As digital media and video games in particular advance leaps and bounds in terms of interactivity and graphical realism, its time for museums to take a look at the possibilities implied in them.
Not only does this mean that consumer level computers can now access photo realistic models of objects in a collection, but that a virtual gallery unconstrained by the laws of physics can be created. A world where the user can fly around totem poles and see a statue up close, but where the user can take the object, enlarge it, make it smaller, rotate it and see it from whichever angle he or she wishes. Even recreations of events and places are possible, virtual tours of medieval villages, recreations of wars, the possibilities for teaching are endless.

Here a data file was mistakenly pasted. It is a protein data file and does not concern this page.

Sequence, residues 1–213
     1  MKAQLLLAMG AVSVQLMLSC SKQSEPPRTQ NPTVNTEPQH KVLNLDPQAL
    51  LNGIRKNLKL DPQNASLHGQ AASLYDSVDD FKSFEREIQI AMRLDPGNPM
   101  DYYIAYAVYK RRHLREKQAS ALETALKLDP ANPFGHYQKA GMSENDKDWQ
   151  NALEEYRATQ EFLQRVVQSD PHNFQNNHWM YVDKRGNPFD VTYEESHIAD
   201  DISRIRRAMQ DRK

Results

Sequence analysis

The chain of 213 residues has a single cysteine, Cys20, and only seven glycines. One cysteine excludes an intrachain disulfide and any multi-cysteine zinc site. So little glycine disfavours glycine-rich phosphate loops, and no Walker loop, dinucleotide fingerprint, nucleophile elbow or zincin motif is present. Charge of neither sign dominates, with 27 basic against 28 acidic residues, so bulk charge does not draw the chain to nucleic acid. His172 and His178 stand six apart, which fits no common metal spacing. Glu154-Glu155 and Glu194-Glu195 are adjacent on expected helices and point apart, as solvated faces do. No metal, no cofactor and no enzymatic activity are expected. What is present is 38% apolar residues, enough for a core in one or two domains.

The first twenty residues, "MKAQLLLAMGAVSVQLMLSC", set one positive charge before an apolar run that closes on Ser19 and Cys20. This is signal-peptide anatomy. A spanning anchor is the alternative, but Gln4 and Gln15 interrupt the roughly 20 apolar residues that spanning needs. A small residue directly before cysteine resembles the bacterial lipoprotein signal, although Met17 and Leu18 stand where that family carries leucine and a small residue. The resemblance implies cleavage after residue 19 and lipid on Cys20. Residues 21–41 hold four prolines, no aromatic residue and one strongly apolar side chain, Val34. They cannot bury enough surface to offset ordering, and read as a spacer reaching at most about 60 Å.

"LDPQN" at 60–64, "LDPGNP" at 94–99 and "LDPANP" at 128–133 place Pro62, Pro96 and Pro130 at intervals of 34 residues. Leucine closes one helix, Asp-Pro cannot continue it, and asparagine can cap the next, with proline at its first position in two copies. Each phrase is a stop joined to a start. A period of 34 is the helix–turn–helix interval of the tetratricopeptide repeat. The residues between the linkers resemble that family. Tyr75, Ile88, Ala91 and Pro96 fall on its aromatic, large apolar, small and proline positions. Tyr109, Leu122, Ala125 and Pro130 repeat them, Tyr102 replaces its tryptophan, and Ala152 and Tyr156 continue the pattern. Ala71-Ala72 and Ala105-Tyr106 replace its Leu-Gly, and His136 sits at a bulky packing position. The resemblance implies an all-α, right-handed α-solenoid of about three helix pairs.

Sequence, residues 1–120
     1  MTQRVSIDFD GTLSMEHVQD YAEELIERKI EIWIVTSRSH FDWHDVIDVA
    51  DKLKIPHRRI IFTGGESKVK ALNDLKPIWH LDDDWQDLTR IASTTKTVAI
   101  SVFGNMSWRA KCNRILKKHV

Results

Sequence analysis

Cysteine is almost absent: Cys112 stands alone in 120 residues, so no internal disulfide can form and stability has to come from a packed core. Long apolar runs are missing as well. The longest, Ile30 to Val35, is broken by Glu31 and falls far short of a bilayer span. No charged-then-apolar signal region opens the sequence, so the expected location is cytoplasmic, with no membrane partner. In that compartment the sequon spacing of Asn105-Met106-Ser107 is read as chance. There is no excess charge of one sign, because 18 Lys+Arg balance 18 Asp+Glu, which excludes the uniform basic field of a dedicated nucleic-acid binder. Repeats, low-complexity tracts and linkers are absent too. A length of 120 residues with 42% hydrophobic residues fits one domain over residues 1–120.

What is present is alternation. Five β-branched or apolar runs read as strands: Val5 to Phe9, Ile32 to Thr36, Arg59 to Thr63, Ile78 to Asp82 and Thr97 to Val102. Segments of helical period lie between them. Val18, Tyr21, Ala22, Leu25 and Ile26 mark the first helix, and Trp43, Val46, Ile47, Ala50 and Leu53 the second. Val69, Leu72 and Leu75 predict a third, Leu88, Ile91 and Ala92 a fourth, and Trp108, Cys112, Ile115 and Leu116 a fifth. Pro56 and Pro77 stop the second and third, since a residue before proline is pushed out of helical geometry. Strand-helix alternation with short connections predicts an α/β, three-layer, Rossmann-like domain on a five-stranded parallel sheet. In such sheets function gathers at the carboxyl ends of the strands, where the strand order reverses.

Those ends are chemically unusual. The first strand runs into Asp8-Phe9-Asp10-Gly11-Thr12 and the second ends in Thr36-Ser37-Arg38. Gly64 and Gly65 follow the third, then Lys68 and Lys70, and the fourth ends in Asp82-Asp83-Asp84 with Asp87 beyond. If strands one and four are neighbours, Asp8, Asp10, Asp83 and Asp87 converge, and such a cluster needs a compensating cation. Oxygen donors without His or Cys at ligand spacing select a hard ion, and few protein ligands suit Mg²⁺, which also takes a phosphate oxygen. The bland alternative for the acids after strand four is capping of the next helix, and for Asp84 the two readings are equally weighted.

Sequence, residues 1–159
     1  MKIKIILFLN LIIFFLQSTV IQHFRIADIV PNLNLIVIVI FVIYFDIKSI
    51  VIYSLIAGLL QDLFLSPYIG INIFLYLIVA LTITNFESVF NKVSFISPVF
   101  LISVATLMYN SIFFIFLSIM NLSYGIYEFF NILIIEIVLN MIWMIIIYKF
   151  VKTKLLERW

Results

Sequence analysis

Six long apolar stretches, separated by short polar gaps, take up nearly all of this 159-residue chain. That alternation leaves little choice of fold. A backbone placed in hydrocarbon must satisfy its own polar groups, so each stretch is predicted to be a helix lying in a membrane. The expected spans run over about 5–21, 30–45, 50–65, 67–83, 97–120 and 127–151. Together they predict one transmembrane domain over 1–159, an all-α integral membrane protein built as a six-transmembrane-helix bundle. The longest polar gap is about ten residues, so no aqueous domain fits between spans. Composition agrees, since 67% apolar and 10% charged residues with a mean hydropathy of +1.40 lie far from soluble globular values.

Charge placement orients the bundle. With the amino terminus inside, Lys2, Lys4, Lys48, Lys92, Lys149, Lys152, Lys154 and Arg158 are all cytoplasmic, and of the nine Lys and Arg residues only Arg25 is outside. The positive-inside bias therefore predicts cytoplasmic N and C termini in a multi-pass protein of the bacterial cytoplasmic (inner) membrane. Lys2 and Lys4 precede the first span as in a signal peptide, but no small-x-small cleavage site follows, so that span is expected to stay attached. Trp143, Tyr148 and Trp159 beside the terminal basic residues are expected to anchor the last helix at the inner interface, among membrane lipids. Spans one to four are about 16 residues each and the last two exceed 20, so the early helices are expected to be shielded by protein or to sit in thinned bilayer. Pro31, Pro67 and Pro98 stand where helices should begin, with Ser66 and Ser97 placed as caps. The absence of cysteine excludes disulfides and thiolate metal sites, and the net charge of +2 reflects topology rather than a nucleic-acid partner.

This new technology would also allow researchers to do the preliminary research without traveling to the museums in question by simply analyzing the object digitally and deciding whether it fits the researcher’s needs, thus saving time and money in the research process.
Finally it brings us closer to new users who have lived their entire lives immersed in media such as this.